State grants $17 million in aid to drought-hit Jefferson County

Date:
December 15, 2021
State grants $17 million in aid to drought-hit Jefferson County

Funds to assist farmers who have had their water allotments slashed amid record drought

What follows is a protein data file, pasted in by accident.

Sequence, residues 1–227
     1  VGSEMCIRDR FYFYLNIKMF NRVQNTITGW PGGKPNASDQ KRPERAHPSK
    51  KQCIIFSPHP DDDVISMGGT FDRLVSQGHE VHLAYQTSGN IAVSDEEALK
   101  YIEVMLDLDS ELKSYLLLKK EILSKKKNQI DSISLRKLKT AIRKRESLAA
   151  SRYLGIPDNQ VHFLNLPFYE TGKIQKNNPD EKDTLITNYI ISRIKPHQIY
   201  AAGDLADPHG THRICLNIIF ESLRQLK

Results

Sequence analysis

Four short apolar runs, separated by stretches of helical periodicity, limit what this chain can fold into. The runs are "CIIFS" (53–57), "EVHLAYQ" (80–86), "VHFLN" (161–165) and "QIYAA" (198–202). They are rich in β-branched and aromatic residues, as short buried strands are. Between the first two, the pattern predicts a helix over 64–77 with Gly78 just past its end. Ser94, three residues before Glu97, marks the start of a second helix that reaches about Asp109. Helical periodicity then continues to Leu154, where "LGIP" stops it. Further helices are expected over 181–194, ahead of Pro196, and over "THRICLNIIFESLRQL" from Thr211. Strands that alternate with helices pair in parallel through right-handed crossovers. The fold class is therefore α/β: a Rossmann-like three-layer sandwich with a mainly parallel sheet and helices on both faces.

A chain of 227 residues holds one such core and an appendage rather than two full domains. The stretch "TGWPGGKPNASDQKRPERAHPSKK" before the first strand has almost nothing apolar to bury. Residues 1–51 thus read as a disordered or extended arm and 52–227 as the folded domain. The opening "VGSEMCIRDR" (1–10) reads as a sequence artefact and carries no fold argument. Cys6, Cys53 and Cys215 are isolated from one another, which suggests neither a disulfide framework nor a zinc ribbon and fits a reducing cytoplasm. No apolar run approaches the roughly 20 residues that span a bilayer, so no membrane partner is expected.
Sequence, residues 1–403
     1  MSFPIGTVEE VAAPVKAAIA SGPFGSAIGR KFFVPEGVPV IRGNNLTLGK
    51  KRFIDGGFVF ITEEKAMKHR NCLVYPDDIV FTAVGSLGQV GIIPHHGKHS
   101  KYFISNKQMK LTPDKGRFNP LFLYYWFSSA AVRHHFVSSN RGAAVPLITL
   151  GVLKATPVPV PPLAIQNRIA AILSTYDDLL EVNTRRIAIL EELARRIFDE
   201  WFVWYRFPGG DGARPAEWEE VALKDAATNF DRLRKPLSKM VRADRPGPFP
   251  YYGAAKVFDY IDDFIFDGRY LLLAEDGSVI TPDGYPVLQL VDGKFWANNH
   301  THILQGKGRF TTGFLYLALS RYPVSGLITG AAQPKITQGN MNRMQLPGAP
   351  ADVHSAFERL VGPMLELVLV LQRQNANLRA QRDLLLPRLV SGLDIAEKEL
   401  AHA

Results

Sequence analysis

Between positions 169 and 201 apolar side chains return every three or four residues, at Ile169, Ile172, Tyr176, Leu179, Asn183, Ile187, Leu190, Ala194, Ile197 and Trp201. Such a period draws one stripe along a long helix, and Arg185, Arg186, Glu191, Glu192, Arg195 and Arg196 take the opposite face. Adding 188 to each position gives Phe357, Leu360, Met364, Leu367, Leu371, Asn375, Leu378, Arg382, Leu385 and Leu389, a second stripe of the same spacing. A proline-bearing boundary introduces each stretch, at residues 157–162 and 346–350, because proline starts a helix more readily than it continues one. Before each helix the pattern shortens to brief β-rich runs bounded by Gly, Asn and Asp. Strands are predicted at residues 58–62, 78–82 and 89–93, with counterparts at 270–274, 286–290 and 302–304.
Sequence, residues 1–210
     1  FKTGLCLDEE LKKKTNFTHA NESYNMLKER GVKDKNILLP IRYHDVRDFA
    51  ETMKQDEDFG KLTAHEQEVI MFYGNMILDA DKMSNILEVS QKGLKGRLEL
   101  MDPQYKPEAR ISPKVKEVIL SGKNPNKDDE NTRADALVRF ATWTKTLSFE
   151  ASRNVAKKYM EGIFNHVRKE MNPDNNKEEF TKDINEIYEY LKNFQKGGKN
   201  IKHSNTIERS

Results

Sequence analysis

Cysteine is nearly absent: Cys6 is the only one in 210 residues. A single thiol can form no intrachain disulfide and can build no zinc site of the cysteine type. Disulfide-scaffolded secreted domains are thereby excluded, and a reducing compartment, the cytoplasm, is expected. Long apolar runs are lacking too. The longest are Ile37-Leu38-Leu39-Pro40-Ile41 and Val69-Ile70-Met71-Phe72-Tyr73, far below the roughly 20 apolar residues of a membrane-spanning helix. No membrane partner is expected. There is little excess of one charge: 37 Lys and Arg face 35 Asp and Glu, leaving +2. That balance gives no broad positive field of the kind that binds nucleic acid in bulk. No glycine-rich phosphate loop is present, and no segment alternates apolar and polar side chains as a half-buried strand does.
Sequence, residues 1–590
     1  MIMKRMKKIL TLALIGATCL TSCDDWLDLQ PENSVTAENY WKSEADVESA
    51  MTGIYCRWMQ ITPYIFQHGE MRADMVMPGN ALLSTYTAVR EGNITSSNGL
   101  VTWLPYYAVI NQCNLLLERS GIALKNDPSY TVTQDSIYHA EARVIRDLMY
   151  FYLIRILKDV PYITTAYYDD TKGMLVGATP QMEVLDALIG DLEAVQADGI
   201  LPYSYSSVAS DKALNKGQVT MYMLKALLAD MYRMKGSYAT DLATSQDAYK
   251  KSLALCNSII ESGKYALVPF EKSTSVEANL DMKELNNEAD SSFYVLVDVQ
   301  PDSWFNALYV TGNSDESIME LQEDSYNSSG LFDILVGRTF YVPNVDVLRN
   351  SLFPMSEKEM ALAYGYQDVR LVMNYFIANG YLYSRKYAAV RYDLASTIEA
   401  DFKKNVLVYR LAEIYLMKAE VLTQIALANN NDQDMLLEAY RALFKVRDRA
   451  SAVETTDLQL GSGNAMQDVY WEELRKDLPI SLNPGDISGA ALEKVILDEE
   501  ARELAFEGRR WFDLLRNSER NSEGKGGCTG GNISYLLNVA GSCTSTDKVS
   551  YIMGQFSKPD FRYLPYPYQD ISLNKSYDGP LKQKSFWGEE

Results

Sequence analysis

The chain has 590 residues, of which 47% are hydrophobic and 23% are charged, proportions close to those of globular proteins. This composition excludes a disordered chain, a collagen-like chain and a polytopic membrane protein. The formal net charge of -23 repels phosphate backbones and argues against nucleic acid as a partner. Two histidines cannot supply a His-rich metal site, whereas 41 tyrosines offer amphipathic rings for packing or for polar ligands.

By Michael KohnLawmakers in Salem approved on Monday a package to assist drought-hit areas of the state, including $17.1 million for Jefferson County.The drought assistance is part of a $100 million package, with the bulk of funds going to farmers in the Klamath Basin.Jefferson County farmers have been hard hit by drought in recent years, with this year’s water allocation slashed midseason after an exceptionally hot and dry June when temperatures soared into the triple digits for several days in a row.The assistance for Jefferson County includes $5.5 million to help pay U.S. Bureau of Reclamation contracts. Mike Britton, executive manager for North Unit Irrigation District, said the assistance will help the district and other contractors cover contract payments to the bureau.The funding may also be used to assist in covering assessments where farmers face losses due to the historic drought and water shortages, said Britton. It’s not clear yet how this assistance will be provided to farmers, but one possibility is a credit on their water bill, he said.Approximately $5.6 million of the aid package is set aside for Jefferson County farmers to be used as forgivable loan assistance.“The aid will fill the gaps of federal programs, or if no federal program exists it will provide bridge funding assistance for NUID patrons in need,” said Britton.The $5.6 million is part of the state’s $40 million agricultural forgivable disaster loan program. A minimum of 14% was allocated for farmers and ranchers in Jefferson County.The legislative package also includes $1 million for drought resiliency work in Jefferson County, $3 million for an emergency soil conservation fund in Jefferson County and $2 million in match funding for irrigation modernization projects.The funds were less than North Unit was originally seeking. In July the irrigation district put in a request for $30 million in assistance, funds the district wanted to use to help farmers who have been forced to plant half their acreage, or who experienced poor yields, due to heat and low water supplies.But Britton said getting anything close to that looked like a longshot two weeks ago when the first drought relief package was just $2 million split between six to eight irrigation districts.“It was a pleasant surprise when it was all said and done,” said Britton.The funds were made available after the Legislature earlier this year set aside $150 million to respond to natural disaster prevention, preparedness, response and recovery activities.In addition to the funds for Jefferson County, the state granted Deschutes County $585,200 for domestic and community well assistance. These funds will assist homeowners who need to drill deeper into the ground to tap into the water supply due to a diminished water table.

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